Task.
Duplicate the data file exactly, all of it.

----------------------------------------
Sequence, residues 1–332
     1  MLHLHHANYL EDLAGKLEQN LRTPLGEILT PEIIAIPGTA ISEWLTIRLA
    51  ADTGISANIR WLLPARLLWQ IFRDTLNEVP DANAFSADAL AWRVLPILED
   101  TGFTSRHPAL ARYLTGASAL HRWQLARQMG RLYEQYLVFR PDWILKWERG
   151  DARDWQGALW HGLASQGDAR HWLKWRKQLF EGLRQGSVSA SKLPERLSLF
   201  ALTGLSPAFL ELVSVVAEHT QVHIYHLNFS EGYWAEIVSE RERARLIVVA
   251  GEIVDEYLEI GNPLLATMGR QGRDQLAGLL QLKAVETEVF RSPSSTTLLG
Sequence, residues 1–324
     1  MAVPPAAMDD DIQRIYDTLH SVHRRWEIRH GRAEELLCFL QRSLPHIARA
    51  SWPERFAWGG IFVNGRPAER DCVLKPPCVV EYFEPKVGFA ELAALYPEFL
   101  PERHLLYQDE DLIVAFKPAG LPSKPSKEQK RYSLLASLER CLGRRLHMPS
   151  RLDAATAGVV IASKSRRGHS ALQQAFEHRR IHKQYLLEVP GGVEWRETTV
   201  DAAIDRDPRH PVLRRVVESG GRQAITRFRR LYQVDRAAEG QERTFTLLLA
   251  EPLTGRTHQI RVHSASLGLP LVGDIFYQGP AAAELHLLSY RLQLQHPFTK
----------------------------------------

Sequence, residues 1–332
     1  MLHLHHANYL EDLAGKLEQN LRTPLGEILT PEIIAIPGTA ISEWLTIRLA
    51  ADTGISANIR WLLPARLLWQ IFRDTLNEVP DANAFSADAL AWRVLPILED
   101  TGFTSRHPAL ARYLTGASAL HRWQLARQMG RLYEQYLVFR PDWILKWERG
   151  DARDWQGALW HGLASQGDAR HWLKWRKQLF EGLRQGSVSA SKLPERLSLF
   201  ALTGLSPAFL ELVSVVAEHT QVHIYHLNFS EGYWAEIVSE RERARLIVVA
   251  GEIVDEYLEI GNPLLATMGR QGRDQLAGLL QLKAVETEVF RSPSSTTLLG
Sequence, residues 1–324
     1  MAVPPAAMDD DIQRIYDTLH SVHRRWEIRH GRAEELLCFL QRSLPHIARA
    51  SWPERFAWGG IFVNGRPAER DCVLKPPCVV EYFEPKVGFA ELAALYPEFL
   101  PERHLLYQDE DLIVAFKPAG LPSKPSKEQK RYSLLASLER CLGRRLHMPS
   151  RLDAATAGVV IASKSRRGHS ALQQAFEHRR IHKQYLLEVP GGVEWRETTV
   201  DAAIDRDPRH PVLRRVVESG GRQAITRFRR LYQVDRAAEG QERTFTLLLA
   251  EPLTGRTHQI RVHSASLGLP LVGDIFYQGP AAAELHLLSY RLQLQHPFTK